We’ve seen several videos like this, a setup resembling a stomach distress remedy fizzing away and giving off bubbles of hydrogen and oxygen. Dr. Daniel Nocera first created the idea of an artificial leaf, and several others have followed his lead and refined the process, which mimics nature’s leaves in converting sunlight to energy.
The U. S. Department of energy’s (DOE’s) Energy Innovation Hub, established at Caltech (California Institute of Technology) and its partnering institutions, has a main goal of creating “a cost-effective method of producing fuels using only sunlight, water, and carbon dioxide.” Artificial photosynthesis has been tried in several variants, but researchers at Caltech and its Joint Center for Artificial Photosynthesis (JCAP) now claim to have developed “the first complete, efficient, safe, integrated solar-driven system for splitting water to create hydrogen fuels.”
Nate Lewis, the George L. Argyros Professor, professor of chemistry, and the JCAP scientific director, takes pride in his group’s accomplishment. “This result was a stretch project milestone for the entire five years of JCAP as a whole, and not only have we achieved this goal, we also achieved it on time and on budget.”
Components for the water splitter seem simple enough, and are common among similar projects. A photoanode uses sunlight to oxidize water molecules, generating photons and electrons as well as oxygen gas. A plastic membrane keeps the oxygen and hydrogen gases separate, thus preventing an explosion that might occur if the two gases mixed. The membrane “lets the hydrogen fuel be separately collected under pressure and safely pushed into a pipeline.”
Silicon and gallium arsenide, used in solar panels because of their efficient absorption of light, oxidize (rust) in water, but putting a 62.5-nanometer-thick layer of titanium dioxide (TiO2) on Si and GaaS electrodes enables them to absorb light and remain stable. Adding a two-nanometer layer of nickel to the TiO2 on the photoanode provided a low-cost, highly-active catalyst. This treatment enabled the water splitter to operate 40 hours without operator intervention and maintain 10-percent light conversion efficiency.
Lewis explains the record-breaking nature of the new systems. “This new system shatters all of the combined safety, performance, and stability records for artificial leaf technology by factors of 5 to 10 or more.”
“Our work shows that it is indeed possible to produce fuels from sunlight safely and efficiently in an integrated system with inexpensive components. Of course, we still have work to do to extend the lifetime of the system and to develop methods for cost-effectively manufacturing full systems, both of which are in progress.”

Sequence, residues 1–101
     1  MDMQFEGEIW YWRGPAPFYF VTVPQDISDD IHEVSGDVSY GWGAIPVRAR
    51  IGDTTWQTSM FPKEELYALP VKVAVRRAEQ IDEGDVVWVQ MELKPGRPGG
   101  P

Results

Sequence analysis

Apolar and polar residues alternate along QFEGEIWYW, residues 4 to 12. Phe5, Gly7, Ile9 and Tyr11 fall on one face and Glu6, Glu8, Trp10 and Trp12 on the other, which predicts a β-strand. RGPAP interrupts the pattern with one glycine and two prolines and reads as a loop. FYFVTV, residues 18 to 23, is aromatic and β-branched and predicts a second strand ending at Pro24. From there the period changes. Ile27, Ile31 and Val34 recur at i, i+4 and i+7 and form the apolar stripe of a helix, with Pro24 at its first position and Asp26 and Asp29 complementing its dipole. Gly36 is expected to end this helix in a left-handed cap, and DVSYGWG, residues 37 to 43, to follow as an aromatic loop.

One of the co-authors of the paper on the findings, Harry Atwater, director of JCAP and Howard Hughes Professor of Applied Physics and Materials Science, adds an administrative note. “This accomplishment drew on the knowledge, insights and capabilities of JCAP, which illustrates what can be achieved in a Hub-scale effort by an integrated team. The device reported here grew out of a multi-year, large-scale effort to define the design and materials components needed for an integrated solar fuels generator.”
Another author, Chengxiang Xiang, co-leader of the JCAP prototyping and scale-up project, says, “JCAP’s research and development in device design, simulation, and materials discovery and integration all funneled into the demonstration of this new device.”
Their paper’s title, “A monolithically integrated, intrinsically safe, 10% efficient, solar-driven water-splitting system based on active, stable earth-abundant electrocatalysts in conjunction with tandem III-V light absorbers protected by amorphous TiO2 films,” almost gives the plot and surprise ending away. The paper is available in several formats on the university web site.
Other Caltech coauthors include graduate student Erik Verlage, postdoctoral scholars Shu Hu and Ke Sun, material processing and integration research engineer Rui Liu, and JCAP mechanical engineer Ryan Jones. Funding was provided by the Office of Science at the U.S. Department of Energy, and the Gordon and Betty Moore Foundation.